Although it was never a formal arrangement, Woo-ping says that his father was the first to form a kind of martial arts team, in the sense that he would bring martial artists together for a shoot and coordinate them.

Before this, the fights would be choreographed individually, sometimes by the performers themselves . Similarly, Woo-ping often works with his brothers, although they are also not a formalised team.

“I know my brothers’ skills very well and sometimes I will gather them to work together. Some of them are good at fight design, some are better on camera, and some are better stunt fighters. I make up a team. [Brother] number four is a good boxer, number three is a good choreographer, numbers 4, 5, 6 are good fighters and good stunt people,” he told Garcia and Burr.

Although Woo-ping is known for his wirework and acrobatics, he says that he learned from the Wong Fei-hung films that martial arts scenes must have their basis in real fighting to have any impact.

He often notes that he has also made contemporary-set films with more grounded martial arts work and no flying. He has always disliked the blood-and-blade violence of directors like Chang Cheh , and this has been a big influence on his work.

“Other people’s kung fu films were just violence and power, so I wanted to do something different,” he told this writer in 2019.

The Jackie Chan Stuntmen Association

Action superstar Jackie Chan formed the Jackie Chan Stuntmen Association in 1979 for his directorial debut Dragon Lord, realising that a team which trained and developed stunts together would be more efficient, safety-conscious, and creative on set.

The team, which is now in its 42nd year, began with five members, and has grown to as many as 17 at times.

The team has worked with Chan on many of his classics, including Police Story and Project A . Notable past members include Mars, Lee Kin-sang, and Chow Yun-king, all of whom went on to become martial arts choreographers in their own right.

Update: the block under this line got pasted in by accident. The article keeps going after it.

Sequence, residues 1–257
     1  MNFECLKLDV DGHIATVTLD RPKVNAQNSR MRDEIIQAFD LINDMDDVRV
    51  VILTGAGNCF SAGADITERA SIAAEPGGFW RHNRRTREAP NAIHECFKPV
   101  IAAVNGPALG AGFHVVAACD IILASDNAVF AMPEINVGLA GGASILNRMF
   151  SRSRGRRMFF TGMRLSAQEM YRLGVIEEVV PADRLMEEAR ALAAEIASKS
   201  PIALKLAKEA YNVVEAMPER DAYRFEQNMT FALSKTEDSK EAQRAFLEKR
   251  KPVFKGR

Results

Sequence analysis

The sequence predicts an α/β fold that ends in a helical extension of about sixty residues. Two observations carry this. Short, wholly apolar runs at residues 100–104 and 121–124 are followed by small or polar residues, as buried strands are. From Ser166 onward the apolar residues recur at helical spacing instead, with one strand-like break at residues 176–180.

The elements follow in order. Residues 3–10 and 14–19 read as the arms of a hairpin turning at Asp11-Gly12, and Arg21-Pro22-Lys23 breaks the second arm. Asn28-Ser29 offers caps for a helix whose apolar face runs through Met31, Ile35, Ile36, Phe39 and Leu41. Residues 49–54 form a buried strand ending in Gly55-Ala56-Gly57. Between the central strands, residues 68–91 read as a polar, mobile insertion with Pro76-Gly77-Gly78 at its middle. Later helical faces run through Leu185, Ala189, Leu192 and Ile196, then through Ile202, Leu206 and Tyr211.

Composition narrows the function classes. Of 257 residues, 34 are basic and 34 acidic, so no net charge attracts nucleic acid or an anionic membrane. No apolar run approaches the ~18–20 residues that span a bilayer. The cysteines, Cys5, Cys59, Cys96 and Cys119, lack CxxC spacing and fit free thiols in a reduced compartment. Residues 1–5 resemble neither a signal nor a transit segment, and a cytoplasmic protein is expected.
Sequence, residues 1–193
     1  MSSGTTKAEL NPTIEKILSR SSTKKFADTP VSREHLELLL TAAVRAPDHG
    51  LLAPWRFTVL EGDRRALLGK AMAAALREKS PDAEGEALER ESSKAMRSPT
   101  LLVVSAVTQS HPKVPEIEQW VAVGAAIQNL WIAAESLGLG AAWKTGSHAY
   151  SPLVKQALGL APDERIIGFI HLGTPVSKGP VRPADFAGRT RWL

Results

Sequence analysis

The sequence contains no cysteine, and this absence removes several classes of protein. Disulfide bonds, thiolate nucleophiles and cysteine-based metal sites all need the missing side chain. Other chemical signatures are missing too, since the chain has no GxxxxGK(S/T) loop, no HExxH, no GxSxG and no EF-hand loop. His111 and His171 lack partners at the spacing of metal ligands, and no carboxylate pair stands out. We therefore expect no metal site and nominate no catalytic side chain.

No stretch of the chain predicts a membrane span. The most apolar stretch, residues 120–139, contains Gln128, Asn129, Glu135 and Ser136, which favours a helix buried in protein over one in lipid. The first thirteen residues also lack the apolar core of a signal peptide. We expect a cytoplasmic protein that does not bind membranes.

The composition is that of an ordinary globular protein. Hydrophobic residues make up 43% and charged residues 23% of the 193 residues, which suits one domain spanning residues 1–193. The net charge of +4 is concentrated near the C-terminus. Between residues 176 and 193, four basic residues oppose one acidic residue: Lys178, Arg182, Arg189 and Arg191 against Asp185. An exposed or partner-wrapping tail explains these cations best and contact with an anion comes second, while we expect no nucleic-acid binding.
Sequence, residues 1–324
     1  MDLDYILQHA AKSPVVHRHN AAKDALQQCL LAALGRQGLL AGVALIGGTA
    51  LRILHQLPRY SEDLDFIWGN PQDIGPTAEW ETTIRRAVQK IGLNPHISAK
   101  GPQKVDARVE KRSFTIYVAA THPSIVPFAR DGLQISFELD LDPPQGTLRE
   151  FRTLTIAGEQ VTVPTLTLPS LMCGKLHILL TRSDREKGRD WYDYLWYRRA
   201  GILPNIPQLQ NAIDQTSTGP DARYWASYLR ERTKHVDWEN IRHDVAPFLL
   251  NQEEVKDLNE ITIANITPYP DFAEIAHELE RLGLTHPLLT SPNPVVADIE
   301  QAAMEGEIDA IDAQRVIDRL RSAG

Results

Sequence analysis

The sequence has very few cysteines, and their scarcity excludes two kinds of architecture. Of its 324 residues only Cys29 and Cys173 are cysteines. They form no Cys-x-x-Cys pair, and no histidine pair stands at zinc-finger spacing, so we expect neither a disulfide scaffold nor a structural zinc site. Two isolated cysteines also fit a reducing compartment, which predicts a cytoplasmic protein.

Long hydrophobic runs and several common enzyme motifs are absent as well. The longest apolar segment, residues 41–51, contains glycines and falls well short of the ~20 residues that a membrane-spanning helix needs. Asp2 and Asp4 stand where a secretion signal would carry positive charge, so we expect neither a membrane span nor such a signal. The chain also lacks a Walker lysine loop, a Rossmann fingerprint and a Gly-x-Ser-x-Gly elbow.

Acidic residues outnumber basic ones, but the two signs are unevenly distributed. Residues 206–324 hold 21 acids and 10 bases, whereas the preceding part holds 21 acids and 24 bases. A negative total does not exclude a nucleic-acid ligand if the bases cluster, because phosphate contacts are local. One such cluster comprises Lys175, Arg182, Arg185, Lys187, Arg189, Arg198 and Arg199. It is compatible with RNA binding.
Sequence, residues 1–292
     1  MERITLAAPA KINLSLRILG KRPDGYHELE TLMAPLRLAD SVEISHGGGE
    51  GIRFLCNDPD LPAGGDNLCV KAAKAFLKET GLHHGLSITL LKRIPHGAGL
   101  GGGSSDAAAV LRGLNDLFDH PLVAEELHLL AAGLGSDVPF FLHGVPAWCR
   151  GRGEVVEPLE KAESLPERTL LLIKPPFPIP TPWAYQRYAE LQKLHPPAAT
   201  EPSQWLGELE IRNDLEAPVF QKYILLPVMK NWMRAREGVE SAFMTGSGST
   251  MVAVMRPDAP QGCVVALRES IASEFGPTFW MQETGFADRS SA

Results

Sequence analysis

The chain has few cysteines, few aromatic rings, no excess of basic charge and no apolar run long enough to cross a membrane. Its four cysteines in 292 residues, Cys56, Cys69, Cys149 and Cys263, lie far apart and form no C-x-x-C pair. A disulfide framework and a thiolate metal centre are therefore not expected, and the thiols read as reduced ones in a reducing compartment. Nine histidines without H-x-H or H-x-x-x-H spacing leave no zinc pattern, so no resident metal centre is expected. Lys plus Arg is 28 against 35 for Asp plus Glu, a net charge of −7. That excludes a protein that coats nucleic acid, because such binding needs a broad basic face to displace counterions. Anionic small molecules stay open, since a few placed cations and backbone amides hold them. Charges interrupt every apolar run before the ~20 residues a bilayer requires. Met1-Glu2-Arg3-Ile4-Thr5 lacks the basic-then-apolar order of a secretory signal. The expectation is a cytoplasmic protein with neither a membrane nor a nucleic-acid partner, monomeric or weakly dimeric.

Jackie Chan designs an action sequence on the set of Drunken Master II (1994).
PHOTO: Golden Harvest

“Jackie’s demands on every film are high,” said founder member Benny Tai, who graduated to an acting role in Chan’s Police Story. “He demands a lot from every actor and every stuntman, from everyone involved in a fight scene. We would do around seven or eight takes and then start again. It’s hard work, because he demands so much.” 

Chan generally comes up with the idea for an action scene and shows the moves to the team. The team all have their own specific skills, and know the strengths of their colleagues, which makes the process more efficient.

The team train together every day, making sure they are physically fit, and they have developed their own “ABC” of stunts. New members are trained by the existing members, and then given the chance to do a stunt. If it seems like they will fail, an existing team member steps in.

Chan poses with his Honorary Oscar at the 8th Annual Governors Awards in Los Angeles, California, the US, in 2016.
PHOTO: Reuters

Everyone has a unique skill set. “I don’t do the full range of stunts,” said Tai, who specialises in taekwondo. “There are many different stunts that need to be done – high falls, driving a car, driving a speedboat. I specialise in high falls, jumping off tall buildings, or jumping through glass.”

The work can be dangerous, and sometime ambulances would be on set in case of accidents. One of the reasons for the foundation of the team was that Chan felt that fewer accidents would occur if the team were used to working with each other, and knew each other’s strengths and weaknesses.

Chan does not like to get hit, and has taught the team members how to blend with his styles of fighting.

“For 40 years they risked their lives for me,” Chan said at a TV event to mark the team’s 40th anniversary. “Although an Oscar for lifetime achievement was given to me, I would like to share it with them.”

This article was first published in South China Morning Post.